Identifying patterns of clinical conditions among high-cost older adult health care users using claims data: a latent class approach
International Journal for Equity in Health volume 21, Article number: 86 (2022)
To identify patterns of clinical conditions among high-cost older adults health care users and explore the associations between characteristics of high-cost older adults and patterns of clinical conditions.
We analyzed data from the Shanghai Basic Social Medical Insurance Database, China. A total of 2927 older adults aged 60 years and over were included as the analysis sample. We used latent class analysis to identify patterns of clinical conditions among high-cost older adults health care users. Multinomial logistic regression models were also used to determine the associations between demographic characteristics, insurance types, and patterns of clinical conditions.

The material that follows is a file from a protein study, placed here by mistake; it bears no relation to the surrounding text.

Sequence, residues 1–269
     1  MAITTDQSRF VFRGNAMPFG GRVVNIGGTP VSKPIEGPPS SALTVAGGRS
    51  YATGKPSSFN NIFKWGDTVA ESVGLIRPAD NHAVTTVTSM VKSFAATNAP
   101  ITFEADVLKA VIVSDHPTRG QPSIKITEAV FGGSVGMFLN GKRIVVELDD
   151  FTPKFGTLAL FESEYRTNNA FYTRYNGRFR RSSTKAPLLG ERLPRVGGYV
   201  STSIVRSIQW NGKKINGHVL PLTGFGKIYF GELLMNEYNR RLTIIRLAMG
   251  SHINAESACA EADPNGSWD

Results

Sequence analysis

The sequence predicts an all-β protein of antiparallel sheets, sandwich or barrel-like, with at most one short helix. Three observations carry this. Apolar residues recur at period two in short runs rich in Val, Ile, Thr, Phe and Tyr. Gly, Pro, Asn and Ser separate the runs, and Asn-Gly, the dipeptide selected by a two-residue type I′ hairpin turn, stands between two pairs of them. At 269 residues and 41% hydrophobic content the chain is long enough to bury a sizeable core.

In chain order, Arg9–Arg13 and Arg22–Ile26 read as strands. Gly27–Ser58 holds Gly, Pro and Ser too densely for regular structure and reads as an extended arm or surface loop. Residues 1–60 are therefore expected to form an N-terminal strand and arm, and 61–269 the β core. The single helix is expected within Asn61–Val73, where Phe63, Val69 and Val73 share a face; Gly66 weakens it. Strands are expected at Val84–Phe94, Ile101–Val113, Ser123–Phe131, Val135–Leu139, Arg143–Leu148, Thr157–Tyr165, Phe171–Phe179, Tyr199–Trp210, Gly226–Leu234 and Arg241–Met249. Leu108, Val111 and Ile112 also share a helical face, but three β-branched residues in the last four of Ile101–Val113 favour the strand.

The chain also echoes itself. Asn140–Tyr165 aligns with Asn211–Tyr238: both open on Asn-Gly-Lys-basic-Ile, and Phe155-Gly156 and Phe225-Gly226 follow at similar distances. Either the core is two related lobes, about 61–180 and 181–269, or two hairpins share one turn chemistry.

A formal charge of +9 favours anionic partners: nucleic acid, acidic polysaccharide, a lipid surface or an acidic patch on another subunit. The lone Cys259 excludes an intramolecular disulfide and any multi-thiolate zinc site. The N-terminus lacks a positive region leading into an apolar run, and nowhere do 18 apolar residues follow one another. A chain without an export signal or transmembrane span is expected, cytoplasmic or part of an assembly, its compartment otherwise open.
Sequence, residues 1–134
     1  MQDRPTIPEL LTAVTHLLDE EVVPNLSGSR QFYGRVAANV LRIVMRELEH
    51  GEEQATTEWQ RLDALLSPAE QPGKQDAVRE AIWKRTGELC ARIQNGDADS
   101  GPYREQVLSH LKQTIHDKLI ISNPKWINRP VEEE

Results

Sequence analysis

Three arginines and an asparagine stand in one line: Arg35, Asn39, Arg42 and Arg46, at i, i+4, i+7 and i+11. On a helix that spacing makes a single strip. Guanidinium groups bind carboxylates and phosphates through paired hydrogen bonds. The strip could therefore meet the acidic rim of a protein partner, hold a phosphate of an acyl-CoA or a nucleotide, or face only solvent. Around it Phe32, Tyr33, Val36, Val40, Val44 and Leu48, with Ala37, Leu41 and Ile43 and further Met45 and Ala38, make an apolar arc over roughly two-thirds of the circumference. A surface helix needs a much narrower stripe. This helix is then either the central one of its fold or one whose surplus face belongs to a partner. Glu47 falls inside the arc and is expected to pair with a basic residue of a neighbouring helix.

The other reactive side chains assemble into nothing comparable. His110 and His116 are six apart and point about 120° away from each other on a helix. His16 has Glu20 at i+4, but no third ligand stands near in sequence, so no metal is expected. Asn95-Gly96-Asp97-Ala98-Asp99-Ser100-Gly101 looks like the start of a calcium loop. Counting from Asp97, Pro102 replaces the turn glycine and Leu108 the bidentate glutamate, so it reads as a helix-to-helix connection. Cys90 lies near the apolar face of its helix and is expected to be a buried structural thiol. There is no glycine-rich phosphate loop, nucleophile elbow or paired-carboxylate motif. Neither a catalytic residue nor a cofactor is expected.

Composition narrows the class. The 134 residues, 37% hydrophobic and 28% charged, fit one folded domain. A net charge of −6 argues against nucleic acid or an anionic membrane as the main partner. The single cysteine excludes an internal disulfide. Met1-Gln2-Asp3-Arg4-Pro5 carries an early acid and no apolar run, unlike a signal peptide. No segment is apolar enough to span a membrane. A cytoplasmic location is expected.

Five clinically distinctive subgroups of high-cost older adults emerged. Classes included “cerebrovascular diseases” (10.6% of high-cost older adults), “malignant tumor” (9.1%), “arthrosis” (8.8%), “ischemic heart disease” (7.4%), and “other sporadic diseases” (64.1%). Age, sex, and type of medical insurance were predictors of high-cost older adult subgroups.
Profiling patterns of clinical conditions among high-cost older adults is potentially useful as a first step to inform the development of tailored management and intervention strategies.
Health systems worldwide are facing the challenge of increased health care costs and sustainability [1, 2]. Previous studies [3, 4] have shown that a small proportion of individuals spend the majority of health care resources. This population is referred to as high-cost health care users (also high-cost beneficiary, high user, high spender, super-utilizer) . Studies have found that high-cost health care users are a heterogeneous population, and heterogeneity may contribute to the fact that few interventions have demonstrated evidence of reliable success [2, 6]. Most of these high-cost health care users are older adults . Given aging populations globally and growing health care expenditures, it is important to understand the profiles of high-cost older adults.